A swastika at the Dept. of State: Where’s the outrage?

I do not get the lack of outrage. Any other slur or form of religious or ethnic intimidation at such a high level in our government would have produced (rightfully so) moral outrage and a collective sense of soul searching to figure out how we got here and what needs to change.
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Is it that we are too tired? Or have we become so conditioned to brazen acts of antisemitism that we don’t even bat an eye at them anymore? Have we grown complacent and given up on responding? Or perhaps, old fashioned Nazis aren’t sexy enough for the outrage that feeds social media engagement these days? Maybe, unless it’s explicit, we don’t believe Jew hatred is a real thing, or maybe we don’t want to believe that it’s real…

Nevertheless, a swastika was found etched into the wall of a secure elevator at the State Department near the office of the special envoy on antisemitism, and the response to it so far has been “meh” and “so?” The usual suspects who pontificate on everything are silent on this. It wasn’t front page news in the national media, it didn’t make the cut on the nightly news programs, and coverage in the Jewish press was lackluster to non-existent.

I’m confused. It was a big enough event for President Joe Biden to issue a strong rebuke, why aren’t we seeing this as a “big deal” as well?

We’ve spent the past week arguing about ice cream, and the week before that, arguing about how the media portrays Orthodox Jews, but a swastika found in the very heart of our government’s push to route out antisemitism globally doesn’t even get a once-over by Jewish Twitter? It’s a story buried by the Jewish press? This surely is worth at least more than just a cursory glance?

Have we forgotten our actual enemies? Have we become too consumed by politics and chasing windmills that we have forgotten what actual, real threats to our livelihood look like? Has the rhetoric made us bored and complacent?

Forgive me, but a swastika at the State Department deserves more than just a “meh” response. All too often we treat these acts of antisemitism as “someone acting out” or as an education problem. (It’s just a silly person who did that because they didn’t learn the history behind these symbols.) Sorry, there’s no other way to interpret what that symbol meant and why it was placed in that location. 

I will spell it out: The swastika was a message to us that Jews don’t matter and that we are unwelcomed in America. And yes, you can choose to ignore it and not give it the attention the perpetrator so desperately wanted and call me an alarmist who’s chasing his own set of windmills.

However, I chose to call out this person’s actions and say the America that they are trying to build will not happen. I am not intimidated by this coward. 

By not calling out this incident we are ignoring a huge escalation in antisemitism. By not calling it out you are telling our allies that their silence is okay. All hate symbols are “created equal” so you would think all responses toward them would be the same. But no, here there is nothing but crickets.

I do not get the lack of outrage. Any other slur or form of religious or ethnic intimidation at such a high level in our government would have produced (rightfully so) moral outrage and a collective sense of soul searching to figure out how we got here and what needs to change.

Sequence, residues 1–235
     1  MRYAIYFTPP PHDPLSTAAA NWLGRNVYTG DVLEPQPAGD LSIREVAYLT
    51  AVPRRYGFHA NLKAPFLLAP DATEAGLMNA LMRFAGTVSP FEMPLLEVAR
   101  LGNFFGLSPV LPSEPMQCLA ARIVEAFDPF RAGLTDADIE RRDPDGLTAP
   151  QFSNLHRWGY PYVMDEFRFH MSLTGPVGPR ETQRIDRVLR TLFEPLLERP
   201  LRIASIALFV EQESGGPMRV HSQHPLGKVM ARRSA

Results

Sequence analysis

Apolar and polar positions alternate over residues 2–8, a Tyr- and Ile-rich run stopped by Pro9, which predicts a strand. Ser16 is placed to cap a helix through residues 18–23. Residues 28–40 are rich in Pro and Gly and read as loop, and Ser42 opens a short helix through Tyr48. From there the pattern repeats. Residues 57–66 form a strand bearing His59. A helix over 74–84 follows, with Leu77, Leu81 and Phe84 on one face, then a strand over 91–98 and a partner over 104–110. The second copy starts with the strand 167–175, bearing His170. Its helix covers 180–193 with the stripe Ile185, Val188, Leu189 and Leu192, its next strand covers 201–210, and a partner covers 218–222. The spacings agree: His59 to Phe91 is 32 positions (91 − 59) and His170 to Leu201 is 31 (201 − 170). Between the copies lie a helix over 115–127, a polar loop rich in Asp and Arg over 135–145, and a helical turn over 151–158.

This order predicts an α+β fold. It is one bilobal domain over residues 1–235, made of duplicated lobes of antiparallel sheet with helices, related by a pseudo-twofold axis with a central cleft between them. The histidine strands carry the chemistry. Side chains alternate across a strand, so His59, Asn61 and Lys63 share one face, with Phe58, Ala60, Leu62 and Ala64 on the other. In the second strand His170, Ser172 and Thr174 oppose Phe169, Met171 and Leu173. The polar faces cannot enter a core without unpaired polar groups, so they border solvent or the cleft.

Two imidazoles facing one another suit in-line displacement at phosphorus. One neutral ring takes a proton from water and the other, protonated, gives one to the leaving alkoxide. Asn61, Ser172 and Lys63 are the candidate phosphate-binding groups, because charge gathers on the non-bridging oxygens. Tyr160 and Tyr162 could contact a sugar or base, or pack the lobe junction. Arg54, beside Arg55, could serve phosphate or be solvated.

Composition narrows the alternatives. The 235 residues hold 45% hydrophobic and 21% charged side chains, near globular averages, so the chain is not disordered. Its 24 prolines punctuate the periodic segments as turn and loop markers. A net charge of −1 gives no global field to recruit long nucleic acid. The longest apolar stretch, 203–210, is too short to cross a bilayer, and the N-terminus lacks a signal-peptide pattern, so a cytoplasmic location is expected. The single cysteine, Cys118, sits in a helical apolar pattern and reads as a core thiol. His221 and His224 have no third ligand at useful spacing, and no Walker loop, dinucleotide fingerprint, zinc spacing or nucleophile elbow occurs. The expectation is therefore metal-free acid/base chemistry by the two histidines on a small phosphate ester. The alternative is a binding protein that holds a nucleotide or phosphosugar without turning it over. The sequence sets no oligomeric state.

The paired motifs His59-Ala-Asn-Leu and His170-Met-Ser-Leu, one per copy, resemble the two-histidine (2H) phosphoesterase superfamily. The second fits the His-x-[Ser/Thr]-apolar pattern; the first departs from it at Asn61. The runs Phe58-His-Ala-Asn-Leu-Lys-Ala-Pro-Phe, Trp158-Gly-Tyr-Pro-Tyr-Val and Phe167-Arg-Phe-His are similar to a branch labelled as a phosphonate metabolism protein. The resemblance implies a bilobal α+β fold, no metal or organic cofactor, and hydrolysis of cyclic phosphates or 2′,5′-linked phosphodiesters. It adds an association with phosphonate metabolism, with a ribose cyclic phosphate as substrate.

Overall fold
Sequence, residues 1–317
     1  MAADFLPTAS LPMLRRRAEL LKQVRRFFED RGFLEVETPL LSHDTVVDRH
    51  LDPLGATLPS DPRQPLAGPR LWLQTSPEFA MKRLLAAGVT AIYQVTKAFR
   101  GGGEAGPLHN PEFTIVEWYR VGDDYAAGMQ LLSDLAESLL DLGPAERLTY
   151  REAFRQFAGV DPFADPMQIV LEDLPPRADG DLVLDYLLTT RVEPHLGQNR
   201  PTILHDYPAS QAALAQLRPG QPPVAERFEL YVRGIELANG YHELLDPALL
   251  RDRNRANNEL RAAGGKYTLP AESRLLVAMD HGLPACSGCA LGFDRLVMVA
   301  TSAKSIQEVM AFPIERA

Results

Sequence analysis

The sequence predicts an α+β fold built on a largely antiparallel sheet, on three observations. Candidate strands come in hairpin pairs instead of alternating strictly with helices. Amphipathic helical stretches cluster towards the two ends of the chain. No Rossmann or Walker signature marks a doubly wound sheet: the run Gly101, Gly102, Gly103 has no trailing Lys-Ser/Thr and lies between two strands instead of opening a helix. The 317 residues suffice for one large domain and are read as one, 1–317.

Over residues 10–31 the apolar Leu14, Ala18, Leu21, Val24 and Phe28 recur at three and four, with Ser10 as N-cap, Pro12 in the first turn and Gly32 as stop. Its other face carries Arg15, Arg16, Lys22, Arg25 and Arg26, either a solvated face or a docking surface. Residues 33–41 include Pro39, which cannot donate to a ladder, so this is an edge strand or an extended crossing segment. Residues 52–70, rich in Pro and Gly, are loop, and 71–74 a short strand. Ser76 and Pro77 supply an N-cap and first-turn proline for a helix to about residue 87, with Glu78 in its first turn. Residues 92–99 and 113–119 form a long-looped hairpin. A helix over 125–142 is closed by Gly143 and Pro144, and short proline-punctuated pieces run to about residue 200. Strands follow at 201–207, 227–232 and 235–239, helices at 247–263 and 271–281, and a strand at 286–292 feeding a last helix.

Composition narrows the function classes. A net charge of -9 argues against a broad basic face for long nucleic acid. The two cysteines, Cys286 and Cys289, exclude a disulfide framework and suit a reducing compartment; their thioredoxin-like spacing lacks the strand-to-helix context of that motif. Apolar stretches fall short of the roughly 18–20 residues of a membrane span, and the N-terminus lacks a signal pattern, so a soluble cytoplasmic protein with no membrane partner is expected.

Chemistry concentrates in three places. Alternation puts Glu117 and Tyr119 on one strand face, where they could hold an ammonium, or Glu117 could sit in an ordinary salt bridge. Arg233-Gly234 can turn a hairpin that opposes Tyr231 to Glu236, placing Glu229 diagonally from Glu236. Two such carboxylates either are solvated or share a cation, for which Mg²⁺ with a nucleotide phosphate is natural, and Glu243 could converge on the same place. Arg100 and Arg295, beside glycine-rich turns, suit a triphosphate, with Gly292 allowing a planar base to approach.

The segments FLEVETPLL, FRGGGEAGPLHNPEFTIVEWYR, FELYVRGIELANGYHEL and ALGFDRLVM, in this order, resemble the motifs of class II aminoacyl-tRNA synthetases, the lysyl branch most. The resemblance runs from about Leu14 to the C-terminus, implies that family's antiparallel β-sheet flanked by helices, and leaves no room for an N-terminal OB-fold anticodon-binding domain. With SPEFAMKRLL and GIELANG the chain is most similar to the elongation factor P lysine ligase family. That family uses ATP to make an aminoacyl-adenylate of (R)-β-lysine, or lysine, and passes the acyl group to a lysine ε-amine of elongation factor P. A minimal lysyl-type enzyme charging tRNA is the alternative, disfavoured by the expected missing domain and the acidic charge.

And here we are. How did we become a society where someone so filled with hate can feel so emboldened to stake their claim at the very heart of our government’s efforts to combat the very same hate that they are spewing?

I get it. It’s just one symbol from the past, splashed on one elevator, it’s really nothing to be alarmed about. It’s an isolated incident, crying wolf all the time takes away from the real things to be upset about… 

Wrong.

In the words of the Holocaust survivor I interviewed at the No Fear rally earlier this month in Washington, D.C.– it starts slowly. Our collective “meh” shows that we’ve become accustomed to these ever brazen acts of intimidation and are treating this swastika like the ones placed on the subway, or at a bus stop, or on the walls of buildings. It’s never just about one person placing a swastika somewhere, it’s about the normalization of these acts. 

Matthew Q. Gebert, does his name ring a bell?

Gebert is a neo-Nazi and also a former foreign affairs officer at the State Department. He was suspended from his position in August, 2019 after he was outed as a white nationalist by the Southern Poverty Law Center. As of January 2020 Gebert was still being investigated by the State Department despite staying active in the white nationalist movement. His goal? A white ethnostate free of Jews. More upsetting, it’s unclear if the State Department has cut ties with him completely: at a press conference in 2019, a spokeswoman refused to comment on the matter. Meanwhile, Gebert is still creating “family friendly” antisemitic content that claims Jews are trying to replace white people. He’s also hoping that one of his sons will become the next Hitler.

This is about so much more than just a silly swastika in an elevator. All too often we are quick to dismiss these incidents as the ramblings of mad men. They’re not. They should be taken seriously. The antisemites are out of the shadows and are feeling emboldened enough to stake a claim within the halls of our very government.

What happens next is up to us.

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